You did it! The long wait is over. You submitted your college applications and got into the school of your dreams. Actually, you got into several schools... Uh oh. What’s next? How do you figure out which college to attend?
First of all, congrats on having a great problem to solve. The colleges likely sent you information on how to officially accept your offer of admission, and there’s probably a fast-approaching deadline listed for you. But first, you should take the time to examine all your options and figure out how they compare in price, experience, and potential. Here are four ways to start the process of picking between colleges and what to consider during each step.
Choosing between colleges tip #1: Talk to a counselor
At a one-on-one meeting with an admissions counselor, you can get help understanding the complete offer you’ve been sent in your admit packet and ask about any costs you’ll have after financial aid. Even if you’ve talked to a counselor at that college before, chances are you have new questions that are more focused on the day-to-day experience. You may want to ask questions about deeper costs and benefits like student resources, work-study jobs, learning accommodations, health insurance, and technology you’ll need for your major and if the college offers supplies.
An admissions counselor can also answer specific questions you might have about the difference between two majors you’re considering. It’s worth asking why you should study your discipline at an art college—and why you should study it at that art school in particular. Write down a list of the questions you have and put them in a spreadsheet or table so you can track and compare answers for each college. Be sure to include a column for general notes too so you can refer to it later as you make your decision.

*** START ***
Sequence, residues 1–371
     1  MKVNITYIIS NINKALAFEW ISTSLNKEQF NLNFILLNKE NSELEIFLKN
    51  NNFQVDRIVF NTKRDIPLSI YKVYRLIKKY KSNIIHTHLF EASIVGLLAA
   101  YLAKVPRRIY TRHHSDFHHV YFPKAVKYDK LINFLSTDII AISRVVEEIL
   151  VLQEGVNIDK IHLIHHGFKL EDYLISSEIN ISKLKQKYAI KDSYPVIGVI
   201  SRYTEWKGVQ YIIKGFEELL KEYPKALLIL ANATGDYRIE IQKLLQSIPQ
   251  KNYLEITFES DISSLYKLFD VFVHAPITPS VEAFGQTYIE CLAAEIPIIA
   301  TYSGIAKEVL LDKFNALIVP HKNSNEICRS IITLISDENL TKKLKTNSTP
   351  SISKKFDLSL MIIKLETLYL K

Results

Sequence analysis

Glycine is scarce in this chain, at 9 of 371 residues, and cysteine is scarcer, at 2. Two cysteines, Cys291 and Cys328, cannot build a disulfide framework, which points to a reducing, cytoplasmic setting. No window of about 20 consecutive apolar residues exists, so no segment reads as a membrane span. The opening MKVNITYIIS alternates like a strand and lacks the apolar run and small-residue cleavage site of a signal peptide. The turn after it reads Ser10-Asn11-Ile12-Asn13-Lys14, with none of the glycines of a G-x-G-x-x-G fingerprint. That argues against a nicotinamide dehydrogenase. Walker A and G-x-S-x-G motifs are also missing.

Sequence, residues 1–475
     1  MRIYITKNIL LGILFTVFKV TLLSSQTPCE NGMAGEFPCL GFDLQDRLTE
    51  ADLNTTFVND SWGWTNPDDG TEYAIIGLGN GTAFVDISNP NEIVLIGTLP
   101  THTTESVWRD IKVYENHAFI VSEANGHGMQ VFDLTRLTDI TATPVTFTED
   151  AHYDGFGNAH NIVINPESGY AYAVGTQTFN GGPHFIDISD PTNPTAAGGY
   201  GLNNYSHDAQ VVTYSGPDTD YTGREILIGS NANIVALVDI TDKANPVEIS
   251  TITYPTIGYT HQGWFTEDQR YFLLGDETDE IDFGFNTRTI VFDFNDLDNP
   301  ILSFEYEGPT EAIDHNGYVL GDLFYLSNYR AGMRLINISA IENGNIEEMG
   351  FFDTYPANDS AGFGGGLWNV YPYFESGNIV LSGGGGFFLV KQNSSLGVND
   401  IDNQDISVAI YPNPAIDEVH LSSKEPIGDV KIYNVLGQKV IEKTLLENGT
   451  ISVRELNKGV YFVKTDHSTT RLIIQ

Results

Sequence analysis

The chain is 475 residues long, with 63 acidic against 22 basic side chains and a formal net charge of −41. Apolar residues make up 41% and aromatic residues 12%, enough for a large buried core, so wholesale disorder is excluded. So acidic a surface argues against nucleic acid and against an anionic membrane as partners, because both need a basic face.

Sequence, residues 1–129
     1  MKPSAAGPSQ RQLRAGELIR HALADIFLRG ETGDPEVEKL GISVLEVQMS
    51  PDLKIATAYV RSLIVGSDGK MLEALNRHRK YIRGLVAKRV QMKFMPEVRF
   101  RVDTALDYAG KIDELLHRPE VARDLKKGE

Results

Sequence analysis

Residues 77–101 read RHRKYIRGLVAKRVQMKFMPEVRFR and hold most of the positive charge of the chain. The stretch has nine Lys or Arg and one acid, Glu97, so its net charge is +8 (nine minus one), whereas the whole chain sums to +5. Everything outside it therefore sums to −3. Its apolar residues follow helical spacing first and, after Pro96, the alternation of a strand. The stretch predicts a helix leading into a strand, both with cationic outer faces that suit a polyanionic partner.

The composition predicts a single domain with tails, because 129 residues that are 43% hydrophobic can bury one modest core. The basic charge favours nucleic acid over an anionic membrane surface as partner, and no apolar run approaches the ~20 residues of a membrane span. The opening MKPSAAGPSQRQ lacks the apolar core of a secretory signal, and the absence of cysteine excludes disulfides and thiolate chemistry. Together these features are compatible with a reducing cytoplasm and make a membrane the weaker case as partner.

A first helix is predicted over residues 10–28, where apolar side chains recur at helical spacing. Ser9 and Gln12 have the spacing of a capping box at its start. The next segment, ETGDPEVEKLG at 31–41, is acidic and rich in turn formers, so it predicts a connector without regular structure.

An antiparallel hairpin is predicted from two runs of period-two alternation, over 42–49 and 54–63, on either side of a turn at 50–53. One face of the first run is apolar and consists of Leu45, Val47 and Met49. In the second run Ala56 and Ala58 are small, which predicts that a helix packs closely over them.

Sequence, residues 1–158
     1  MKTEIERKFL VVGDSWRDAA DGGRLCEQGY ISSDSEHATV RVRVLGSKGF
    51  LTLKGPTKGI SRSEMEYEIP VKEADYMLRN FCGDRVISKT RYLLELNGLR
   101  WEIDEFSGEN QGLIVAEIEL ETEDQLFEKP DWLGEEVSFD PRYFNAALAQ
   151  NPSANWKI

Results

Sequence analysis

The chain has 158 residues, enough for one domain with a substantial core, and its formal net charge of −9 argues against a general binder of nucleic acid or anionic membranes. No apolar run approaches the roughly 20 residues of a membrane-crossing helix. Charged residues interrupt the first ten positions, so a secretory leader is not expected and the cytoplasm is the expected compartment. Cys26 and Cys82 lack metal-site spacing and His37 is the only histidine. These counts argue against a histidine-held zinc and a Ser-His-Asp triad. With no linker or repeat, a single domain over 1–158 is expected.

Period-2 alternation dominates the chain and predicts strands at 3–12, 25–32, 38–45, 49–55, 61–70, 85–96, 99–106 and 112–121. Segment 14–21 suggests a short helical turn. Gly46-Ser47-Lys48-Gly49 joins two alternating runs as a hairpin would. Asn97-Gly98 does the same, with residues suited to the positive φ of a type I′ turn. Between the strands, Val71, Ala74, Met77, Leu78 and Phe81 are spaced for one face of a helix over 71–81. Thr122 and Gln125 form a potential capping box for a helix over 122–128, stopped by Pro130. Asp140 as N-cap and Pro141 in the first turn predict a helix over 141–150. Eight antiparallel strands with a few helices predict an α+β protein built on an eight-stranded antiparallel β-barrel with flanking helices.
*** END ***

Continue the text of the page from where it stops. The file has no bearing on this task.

Choosing between colleges tip #2: Take an in-person or virtual tour
You’ve probably taken a tour already, but do it again, this time looking for new aspects of the campus experience. How close is the residence hall you’ll live in to first-year classrooms and work spaces? What about food, laundry, transportation, art supplies, and entertainment? Where are the libraries, studios, and study spaces? Are there resource centers on campus where you can rent equipment or explore materials? Can you picture yourself here? Does it feel welcoming to you? If you can’t visit the campus in person, take a virtual tour. At CCA, we offer virtual tours with current students as your guide. This is a great opportunity to ask them about the pros and cons of actual student life.
Choosing between colleges tip #3: Learn more about the first-year program
First-year programs at art and design colleges vary by school. The colleges you were admitted to likely have pages on their websites dedicated to explaining what to expect during your first year and how the experience is structured to set you up for success in your major. It’s important to consider your goals before you take this step so you know what to look for. Do you want to dig right into making and studio work? Do you want to gain interdisciplinary experience beyond your major? Does the school have a robust lineup of programs and shops that will complement what you want to make? Does it have classes and career support that could help you long-term? Pick the top three things you’re looking for in a first-year experience and mark down which colleges offer them and which don’t.
Choosing between colleges tip #4: Explore recent work by students
Each school has its own culture and is guided by certain values distinct to its location and wider community. For example, at CCA in the Bay Area, future-focused social justice and innovative sustainability practices deeply inform our curriculum. What do the schools you’re considering value? How long have they been around and worked toward these values?
A great way to see how these values are expressed in the classroom is by checking out current student projects and coursework. On the college’s website, look around for course descriptions and reading lists. Explore showcases of senior thesis projects. Look at their lineup of events on campus. Or, visit their social media accounts and hashtags to see what students are making and talking about.
Do the discussions inspire you? Does the student work spark your own ideas or make you excited to learn? Are these students and the faculty people you’d like to learn alongside? If so, you just might have your answer.